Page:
The effects of imagined and experienced regret on risk avoidance in a gambling task

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Description: People tend to overestimate emotional responses to future events. This study examined whether such affective forecasting errors occur for feelings of regret, as measured by self-report and subsequent decision-making. Some participants played a pricing game and lost by a narrow or wide margin, while others were asked to imagine losing by either margin. Participants who experienced a narrow loss reported more regret than those who imagined a narrow loss. Further, those experiencing a narrow loss behaved more cautiously in a subsequent gambling task. Thus, this study provides self-report and behavioral evidence for a reversal of the affective forecasting phenomenon for the feeling of regret.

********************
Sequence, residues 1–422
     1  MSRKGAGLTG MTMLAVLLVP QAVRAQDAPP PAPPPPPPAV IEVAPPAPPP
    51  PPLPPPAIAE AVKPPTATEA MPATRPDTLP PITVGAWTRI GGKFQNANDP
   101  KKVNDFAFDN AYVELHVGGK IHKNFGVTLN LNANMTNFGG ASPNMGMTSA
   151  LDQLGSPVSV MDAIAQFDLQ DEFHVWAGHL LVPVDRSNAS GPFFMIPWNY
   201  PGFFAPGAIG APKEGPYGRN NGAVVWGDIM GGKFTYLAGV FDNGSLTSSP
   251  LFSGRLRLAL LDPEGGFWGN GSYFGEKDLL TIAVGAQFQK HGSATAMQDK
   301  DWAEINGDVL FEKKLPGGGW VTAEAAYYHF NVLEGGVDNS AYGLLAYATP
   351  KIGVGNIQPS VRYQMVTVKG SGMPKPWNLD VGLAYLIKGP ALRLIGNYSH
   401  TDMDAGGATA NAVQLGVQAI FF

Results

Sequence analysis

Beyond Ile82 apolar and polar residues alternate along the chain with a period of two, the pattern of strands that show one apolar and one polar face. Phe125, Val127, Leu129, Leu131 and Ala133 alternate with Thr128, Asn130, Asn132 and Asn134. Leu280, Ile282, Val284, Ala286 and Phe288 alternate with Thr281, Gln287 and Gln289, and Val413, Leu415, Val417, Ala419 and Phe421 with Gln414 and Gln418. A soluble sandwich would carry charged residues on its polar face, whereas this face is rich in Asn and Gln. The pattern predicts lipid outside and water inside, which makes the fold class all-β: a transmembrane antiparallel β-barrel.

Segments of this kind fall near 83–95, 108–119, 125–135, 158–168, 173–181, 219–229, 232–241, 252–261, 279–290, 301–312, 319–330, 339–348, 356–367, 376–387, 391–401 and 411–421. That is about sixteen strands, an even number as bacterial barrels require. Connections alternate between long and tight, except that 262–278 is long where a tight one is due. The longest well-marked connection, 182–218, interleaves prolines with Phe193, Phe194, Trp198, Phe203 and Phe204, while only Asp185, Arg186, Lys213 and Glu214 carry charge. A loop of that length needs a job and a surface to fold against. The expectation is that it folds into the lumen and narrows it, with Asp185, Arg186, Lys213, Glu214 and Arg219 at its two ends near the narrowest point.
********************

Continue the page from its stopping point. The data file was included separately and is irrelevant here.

Language: English
Format: Degree Work